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The Future of Natural Gas Cooking (Are "They" Coming to Take Your Stove Away?

placeholder+imagePosted on: 01/20/2023

Rate It Green Members and Friends - 

The other day, a family member cheerfully said in passing, "Hey you were right about natural gas cooking. It’s apparently terrible!” The recent reporting in the mainstream press wasn’t a surprise to those who have read about the risks associated with fossil fuel combustion inside buildings. 

What was surprising once again is that something that seemed well known and widely reported within the building science and public health community is a surprise to others, because the dangers of gas cooking as a topic isn’t new or even really news.  There’s this impression that people who care about sustainable building or really our overall transition to a greener, cleaner energy economy and better, healthier environment for all are a bunch of activists or even crazies looking for causes that will end up being annoying.  Some responses to the news were laughable fake arguments that "They" can't "come and take my stove."  We all need to calm down.  No one is taking anything.  At least not yet.  :)  In all seriousness, isn't it just sensible to improve health and safety (and also save money and reduce emissions) through better air quality inside our homes and buildings? And importantly, can't we have a reasonable conversation about this?

My answer is of course that it makes sense to improve our indoor air quality and energy efficiency, but that doesn’t mean I think this is going to be a quick or easy transition.  As a personal example, we moved into our home 16 years ago.  A couple of years ago, I began a campaign to get our family to actually use the exhaust hood every time we cook on our gas cooktop. When I am around, family members might groan but they do turn it on.  But I hear complaints that it’s loud and annoying.  When I come into the room and someone’s been cooking, I have to turn the fan on.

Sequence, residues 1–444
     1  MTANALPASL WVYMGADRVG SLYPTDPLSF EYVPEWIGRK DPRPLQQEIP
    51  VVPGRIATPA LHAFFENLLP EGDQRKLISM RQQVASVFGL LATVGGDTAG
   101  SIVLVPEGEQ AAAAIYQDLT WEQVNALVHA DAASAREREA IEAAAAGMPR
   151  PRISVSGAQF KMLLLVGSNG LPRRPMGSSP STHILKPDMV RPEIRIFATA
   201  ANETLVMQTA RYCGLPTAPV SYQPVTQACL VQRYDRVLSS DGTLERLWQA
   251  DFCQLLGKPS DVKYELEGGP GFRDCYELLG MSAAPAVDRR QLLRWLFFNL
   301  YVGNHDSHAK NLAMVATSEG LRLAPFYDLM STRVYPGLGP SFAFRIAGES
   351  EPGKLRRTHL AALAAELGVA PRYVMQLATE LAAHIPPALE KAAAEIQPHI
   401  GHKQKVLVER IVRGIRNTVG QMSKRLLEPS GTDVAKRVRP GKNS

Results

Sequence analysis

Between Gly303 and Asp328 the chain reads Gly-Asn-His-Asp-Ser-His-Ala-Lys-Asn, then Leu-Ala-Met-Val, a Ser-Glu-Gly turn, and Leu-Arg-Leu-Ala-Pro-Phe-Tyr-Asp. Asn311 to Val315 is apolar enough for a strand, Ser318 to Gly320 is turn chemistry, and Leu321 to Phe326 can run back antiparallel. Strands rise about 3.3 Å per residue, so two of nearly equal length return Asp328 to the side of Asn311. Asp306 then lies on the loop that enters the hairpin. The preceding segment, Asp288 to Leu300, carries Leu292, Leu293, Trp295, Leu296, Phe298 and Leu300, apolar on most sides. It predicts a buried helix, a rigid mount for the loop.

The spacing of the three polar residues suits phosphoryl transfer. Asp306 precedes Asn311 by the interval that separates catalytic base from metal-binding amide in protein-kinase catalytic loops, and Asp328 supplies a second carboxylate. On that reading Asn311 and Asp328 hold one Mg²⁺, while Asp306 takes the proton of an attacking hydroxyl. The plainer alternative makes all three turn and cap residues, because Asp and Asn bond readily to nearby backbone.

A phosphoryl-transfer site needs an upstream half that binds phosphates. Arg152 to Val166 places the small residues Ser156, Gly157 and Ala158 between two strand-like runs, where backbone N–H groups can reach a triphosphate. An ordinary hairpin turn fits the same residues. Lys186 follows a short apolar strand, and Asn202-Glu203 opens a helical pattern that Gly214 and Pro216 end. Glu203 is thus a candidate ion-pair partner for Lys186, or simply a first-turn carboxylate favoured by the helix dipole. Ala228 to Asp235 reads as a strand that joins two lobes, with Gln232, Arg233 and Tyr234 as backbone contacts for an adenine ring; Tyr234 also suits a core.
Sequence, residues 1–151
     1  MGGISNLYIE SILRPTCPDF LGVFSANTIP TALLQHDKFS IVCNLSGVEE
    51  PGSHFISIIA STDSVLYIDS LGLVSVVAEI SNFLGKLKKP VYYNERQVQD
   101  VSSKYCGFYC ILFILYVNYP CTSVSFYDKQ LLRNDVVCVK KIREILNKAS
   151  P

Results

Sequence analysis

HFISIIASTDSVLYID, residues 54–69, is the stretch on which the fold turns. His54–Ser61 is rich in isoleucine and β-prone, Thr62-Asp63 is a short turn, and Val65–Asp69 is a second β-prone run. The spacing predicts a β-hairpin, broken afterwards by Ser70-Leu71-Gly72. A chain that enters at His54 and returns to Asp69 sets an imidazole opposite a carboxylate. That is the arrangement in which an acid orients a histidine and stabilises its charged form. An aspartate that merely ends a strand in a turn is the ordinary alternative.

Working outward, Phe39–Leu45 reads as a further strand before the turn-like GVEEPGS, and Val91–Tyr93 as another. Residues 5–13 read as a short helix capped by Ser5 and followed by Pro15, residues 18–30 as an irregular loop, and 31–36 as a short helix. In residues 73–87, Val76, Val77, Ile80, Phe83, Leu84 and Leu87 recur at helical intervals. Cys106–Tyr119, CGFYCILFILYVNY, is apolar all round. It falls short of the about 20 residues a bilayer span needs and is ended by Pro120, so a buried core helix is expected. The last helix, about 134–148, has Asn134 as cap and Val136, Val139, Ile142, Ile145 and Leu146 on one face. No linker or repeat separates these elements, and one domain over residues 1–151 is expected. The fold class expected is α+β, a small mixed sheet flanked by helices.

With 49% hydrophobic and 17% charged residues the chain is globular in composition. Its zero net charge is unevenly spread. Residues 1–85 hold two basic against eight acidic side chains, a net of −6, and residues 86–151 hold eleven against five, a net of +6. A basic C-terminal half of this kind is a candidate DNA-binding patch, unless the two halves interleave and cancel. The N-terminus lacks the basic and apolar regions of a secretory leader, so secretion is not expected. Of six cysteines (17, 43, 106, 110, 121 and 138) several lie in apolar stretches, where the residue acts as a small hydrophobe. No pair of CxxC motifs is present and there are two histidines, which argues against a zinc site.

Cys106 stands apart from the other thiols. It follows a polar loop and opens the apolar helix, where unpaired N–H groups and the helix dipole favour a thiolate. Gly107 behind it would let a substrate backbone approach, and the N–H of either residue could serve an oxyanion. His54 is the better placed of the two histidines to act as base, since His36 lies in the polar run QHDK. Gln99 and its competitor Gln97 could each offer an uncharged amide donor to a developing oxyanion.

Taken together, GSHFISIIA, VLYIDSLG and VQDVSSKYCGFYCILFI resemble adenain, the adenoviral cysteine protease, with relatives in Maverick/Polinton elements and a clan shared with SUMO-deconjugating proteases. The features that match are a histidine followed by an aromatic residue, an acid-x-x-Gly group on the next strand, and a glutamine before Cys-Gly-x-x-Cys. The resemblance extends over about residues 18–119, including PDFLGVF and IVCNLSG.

So it’s not like we’ve yet gone all-electric and I am wagging my finger at everyone else.  It’s a process, and home equipment decisions tend to have a 10-30 or more-year life cycle.  But that’s why we need to talk about this as soon as we can, so we can make better future decisions for our families, and not miss those next renovation and building windows of opportunity.  We also need to have this conversation among building professionals.  Check out Matt Hoot's explanation of "Why everyone is confused about gas and electric cooktops." The people who help us make decisions about the built environment need to be informed on the issues and options, so they can help us make the best decisions for our health, safety, comfort, wallets, and the environment as well.  Matt points out the benefits of indiction cooking and how technology has evolved.  Our next stove will certainly be an induction cooktop.  In fact, I am excited to say that I just helped a family member research and purchase an induction stove (and convert an electric fireplace to gas).  

As a child, I longed for the day we could upgrade to gas from our coiled electric stove, which I thought was slow to heat and maybe a little embarrassing.  I bought into those decades-old advertising campaigns telling me that “natural” gas was clean and classy.  But for 50 years or so, research has been available to tell us natural gas cooking is not great for our health.  It is well known and documented that gas stoves emit pollutants that affect human respiratory health, include carbon monoxide (CO), nitrogen dioxide (NO2), sulfur dioxide (SO2), polycyclic aromatic hydrocarbons, VOCs, formaldehyde, and particulate matter (PM).